At the beginning of this season when manager Alex Cora was hired, he requested one thing: a plane full of supplies to be sent down by the Red Sox to his hometown of Caguas in Puerto Rico in wake of Marias. The Red Sox came through on that request, and ten months and one World Series championship later, they returned to Caguas with the World Series trophy in tow.
Here is a photo essay from a down-and-back day trip to Puerto Rico earlier this week with Alex Cora, several other players and coaches, and members of the Red Sox front office. This was a whirlwind day, but an experience I won’t forget. The Red Sox were welcomed with a huge parade through the streets and a celebration of baseball and Puerto Rican culture.
We did it again!
The Boston Red Sox are once again World Champions. Two times in six years and four times since 2004 is seriously impressive, historic stuff.
I’ve been going nonstop for the past two months on this ride. I’m exhausted physically, creatively, and emotionally, but things are now slowing down and I’m finally finding time to get to this blog post.
This is my second World Series win as a team photographer for the Boston Red Sox in my seven years here. It’s not supposed to happen like that. I know great photographers who have gone decades without a crack at the World Series. I don’t take the opportunity for granted and I know how lucky I am. The Red Sox are an organization that is deeply committed to winning, and all of us who work here are lucky to work for a team that is always playing meaningful baseball.
In 2013, there was a higher purpose to the season. That World Series team helped heal a city in the wake of the Boston Marathon bombings. The season felt heavier emotionally. It seemed like we partied more, rejoiced in the highest highs more fully, and felt the lowest lows more deeply. 2018 was all business. This team was the best team in baseball from beginning to end, and there was no doubt about it. From a work standpoint, it was way busier. There’s just more work to be done now than six years ago. I’m not complaining though. It’s pretty cool to have been there to document the best team to ever exist in the 100 plus year history of the franchise.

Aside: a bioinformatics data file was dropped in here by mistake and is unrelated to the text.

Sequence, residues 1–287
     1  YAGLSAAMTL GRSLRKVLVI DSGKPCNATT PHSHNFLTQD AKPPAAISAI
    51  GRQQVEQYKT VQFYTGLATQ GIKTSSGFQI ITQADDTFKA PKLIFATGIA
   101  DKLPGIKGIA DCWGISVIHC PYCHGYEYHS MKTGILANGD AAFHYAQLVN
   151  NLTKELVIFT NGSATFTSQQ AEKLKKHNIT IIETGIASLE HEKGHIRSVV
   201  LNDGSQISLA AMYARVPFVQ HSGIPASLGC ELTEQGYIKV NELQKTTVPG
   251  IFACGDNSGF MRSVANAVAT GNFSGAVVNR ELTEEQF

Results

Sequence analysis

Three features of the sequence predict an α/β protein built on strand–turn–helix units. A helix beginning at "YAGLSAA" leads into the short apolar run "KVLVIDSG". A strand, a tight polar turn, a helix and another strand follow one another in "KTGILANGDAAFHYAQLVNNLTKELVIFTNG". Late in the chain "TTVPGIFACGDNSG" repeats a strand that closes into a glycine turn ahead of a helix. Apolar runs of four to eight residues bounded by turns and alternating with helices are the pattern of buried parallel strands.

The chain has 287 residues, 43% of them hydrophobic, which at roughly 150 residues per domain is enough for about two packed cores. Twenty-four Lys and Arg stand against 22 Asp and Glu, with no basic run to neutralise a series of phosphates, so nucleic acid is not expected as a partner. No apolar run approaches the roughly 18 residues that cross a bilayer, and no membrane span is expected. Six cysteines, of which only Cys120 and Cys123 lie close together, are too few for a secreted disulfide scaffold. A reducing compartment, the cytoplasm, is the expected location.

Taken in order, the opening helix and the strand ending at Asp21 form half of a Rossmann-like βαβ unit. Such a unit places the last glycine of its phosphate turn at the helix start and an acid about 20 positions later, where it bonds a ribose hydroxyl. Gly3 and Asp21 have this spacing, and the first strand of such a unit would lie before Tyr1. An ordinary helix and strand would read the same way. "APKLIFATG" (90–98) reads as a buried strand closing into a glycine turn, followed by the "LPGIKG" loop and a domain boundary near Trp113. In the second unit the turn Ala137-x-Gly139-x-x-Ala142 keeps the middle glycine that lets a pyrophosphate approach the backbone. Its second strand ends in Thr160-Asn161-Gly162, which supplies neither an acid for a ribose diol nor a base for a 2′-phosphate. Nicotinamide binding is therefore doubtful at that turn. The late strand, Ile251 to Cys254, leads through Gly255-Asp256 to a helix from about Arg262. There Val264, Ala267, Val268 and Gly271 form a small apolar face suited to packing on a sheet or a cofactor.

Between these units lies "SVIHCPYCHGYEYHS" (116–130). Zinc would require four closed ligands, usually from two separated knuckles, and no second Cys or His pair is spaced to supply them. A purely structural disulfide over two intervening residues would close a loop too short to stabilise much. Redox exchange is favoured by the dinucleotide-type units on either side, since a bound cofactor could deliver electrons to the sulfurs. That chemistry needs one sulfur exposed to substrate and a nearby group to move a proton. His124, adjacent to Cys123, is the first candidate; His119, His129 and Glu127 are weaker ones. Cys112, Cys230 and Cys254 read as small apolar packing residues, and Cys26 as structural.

On a personal level, I’ve grown since 2013. This year was my first as Manager of Photography for the team, so navigating the new role was both rewarding and challenging. I had big shoes to fill. Looking back at my work from 2013, I know I’ve gotten a lot better, and figured out how to play “the game” more effectively when it comes to sports photography and getting the access I need, both with the team and in my freelance work. I was pretty green in 13.
But success only goes as far as the team you have around you, and I have the best team in baseball to work with. My photo staff – Matt Thomas, Reggie Thomas, Sarah Stier, Kathryn Riley, and freelancers Brita Outzen and Cindy Loo – are all so talented and worked so hard this year. They should all be proud of the body of work they’ve produced. Our creative services team of designers, VR producers, and social media experts bring all these pictures to life and make our content pop. Most professional sports teams don’t have such a fluid creative group in working order, and we should all be proud of the work we do together as a team. My girlfriend Alaina puts up with my long hours, road trips away, and constant e-mails without complaint. She is the best and I’m lucky to have her here with me. My parents, family, and close friends always support me and also understand the grueling nature of this job. Where would I be without them?
Here’s a gallery of photos from the final game! A big thanks to everyone for following along all season. It was fun. Damage Done.
I’m finally finding time to catch up on this blog. I’m way behind!
Here’s a gallery from game three of the World Series at Dodger Stadium. 18 innings and seven and a half hours later, this is easily the longest game I’ve ever shot. That was ridiculous. Tough we came out on the losing end, but it didn’t seem to matter too much looking back.